In most personal injury claims in Connecticut, the claimant, petitioner, or plaintiff, must typically show fault on the part of the respondent or defendant. On the other hand, the respondent or defendant can use fault to defend against personal injury claims. This defense in many states is known as comparative fault or comparative negligence.
At James F. Aspell, P.C., our personal injury attorney understands comparative fault and how to proactively counter this type of defense. It is critical to address it because if the respondent or defendant successfully uses it, it could mean the value of any compensation you recover is reduced or you could be denied compensation altogether. To help make sure this does not happen and to learn more about your legal options, contact us at 8605238753 today to schedule a Free Consultation.
What Constitutes Comparative Fault in Connecticut?
Comparative fault, or comparative negligence, is a partial defense available in personal injury cases. Where both parties are at fault in an accident, comparative negligence allocates responsibility (usually on a percentage basis) and then limits the damages the plaintiff can recover accordingly.
An example is a jaywalking pedestrian struck by a driver looking at their mobile phone. In this situation, the court could find that both parties' negligence contributed to the accident – 20% on the part of the pedestrian and 80% on the part of the driver. If the pedestrian is entitled to $50,000 in damages, their damages are reduced by 20% to $40,000.
Most states use comparative fault in personal injury cases, rather than contributory negligence. Where contributory negligence applies, a plaintiff is barred from recovering any damages if they contributed to the accident, even if that contribution is very minor.
States apply comparative negligence in different ways by using either the pure comparative fault, modified comparative fault, or slight/gross rule.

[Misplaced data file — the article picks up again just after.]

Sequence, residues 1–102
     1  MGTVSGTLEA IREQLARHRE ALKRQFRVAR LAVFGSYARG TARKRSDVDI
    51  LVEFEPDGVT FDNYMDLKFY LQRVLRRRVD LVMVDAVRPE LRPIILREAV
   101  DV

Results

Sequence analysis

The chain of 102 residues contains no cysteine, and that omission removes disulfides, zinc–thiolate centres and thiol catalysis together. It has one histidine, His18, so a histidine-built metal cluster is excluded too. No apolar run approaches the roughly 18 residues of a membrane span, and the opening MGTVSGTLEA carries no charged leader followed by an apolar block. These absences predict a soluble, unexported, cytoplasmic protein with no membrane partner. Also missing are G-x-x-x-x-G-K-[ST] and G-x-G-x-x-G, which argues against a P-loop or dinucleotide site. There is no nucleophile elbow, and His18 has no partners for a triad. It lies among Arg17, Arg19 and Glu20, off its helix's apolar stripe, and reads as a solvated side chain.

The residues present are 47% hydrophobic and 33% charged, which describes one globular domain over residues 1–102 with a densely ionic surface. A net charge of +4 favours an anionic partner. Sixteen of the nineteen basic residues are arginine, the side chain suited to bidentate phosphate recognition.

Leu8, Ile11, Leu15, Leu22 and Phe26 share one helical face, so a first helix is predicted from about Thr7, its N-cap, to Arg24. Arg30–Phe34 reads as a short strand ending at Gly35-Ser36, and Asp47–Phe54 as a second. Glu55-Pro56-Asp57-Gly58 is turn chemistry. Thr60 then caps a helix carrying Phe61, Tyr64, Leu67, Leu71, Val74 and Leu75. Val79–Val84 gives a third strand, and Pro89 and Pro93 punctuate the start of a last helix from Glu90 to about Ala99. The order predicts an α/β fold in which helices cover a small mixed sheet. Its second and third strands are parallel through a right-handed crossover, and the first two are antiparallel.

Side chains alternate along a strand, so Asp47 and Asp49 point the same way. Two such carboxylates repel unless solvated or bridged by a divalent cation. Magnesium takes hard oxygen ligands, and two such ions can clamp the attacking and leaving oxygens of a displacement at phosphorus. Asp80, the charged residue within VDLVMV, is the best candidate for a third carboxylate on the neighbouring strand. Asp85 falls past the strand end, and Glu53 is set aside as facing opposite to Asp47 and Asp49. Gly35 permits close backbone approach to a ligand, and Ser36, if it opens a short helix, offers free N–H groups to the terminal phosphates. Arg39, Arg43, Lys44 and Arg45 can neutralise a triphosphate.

Pure Comparative Fault
Where the pure comparative fault rule applies, a plaintiff receives some damages, even if the accident was mainly their fault. So, if an accident was 99% the plaintiff's fault, they could still recover 1% of the damages they would otherwise be entitled to.
Modified Comparative Fault
The modified comparative fault rule bars a plaintiff from recovering damages if they are 50% or more responsible for the accident.
In some states, the rule applies to cases where the defendant is 51% or more responsible. This slightly different approach allows a plaintiff to recover damages where the parties are equally at fault.
Where the slight/gross rule applies, the court will only consider the parties' degrees of fault if the defendant's negligence is “gross” and the plaintiff's is “slight”.
To know which specific comparative negligence applies in your personal injury case, it is best to consult with our personal injury attorney in Connecticut.
What Types of Personal Injury Cases in Connecticut Involve Comparative Negligence?
A defendant may raise comparative negligence in the context of any of the following:
- Car, truck, motorcycle, or other auto accidents including those involving pedestrians and bicyclists
- Medical malpractice, e.g., where a patient doesn't follow a doctor's post-operative instructions
- Dog bites, e.g., where a plaintiff provoked a dog
- Wrongful death, including workplace accidents
- Product liability, e.g., where the plaintiff used the product in a way not intended by the manufacturer
- Premises liability, including slip and fall accidents
How comparative negligence applies to a case depends on the jurisdiction and specific circumstances.
How Can a Plaintiff Use Comparative Negligence to Benefit Their Case?
Comparative negligence allows a plaintiff to claim some damages, even where they contributed to the accident and their subsequent injuries in some way. This may be useful in situations where a plaintiff failed to exercise reasonable care or otherwise behaved negligently.
How Can a Defendant Use Comparative Negligence to Defend against a Personal Injury Claim?
A defendant can use comparative negligence to limit their liability for damages in a personal injury case. In some jurisdictions, where the 50% or 51% rule applies, comparative negligence may bar a plaintiff from claiming any damages against a defendant.
Contact a Personal Injury Lawyer in Connecticut Today
As you can see, comparative negligence can help or hurt you – much of it depends on the facts and circumstances of your personal injury case. The key to getting the compensation you deserve for any and all of your injuries caused in whole or part by another person or entity is making sure you strategically address the comparative negligence rule of your jurisdiction.
At James F. Aspell, P.C., our personal injury attorney in Connecticut knows the law and how to make it work for you. To get a good understanding of how comparative negligence may impact your personal injury case, contact us either by using the online form or calling us at 8605238753 to schedule a Free Consultation. We will review your case and identify your next steps to recover just and fair compensation for the harm done to you.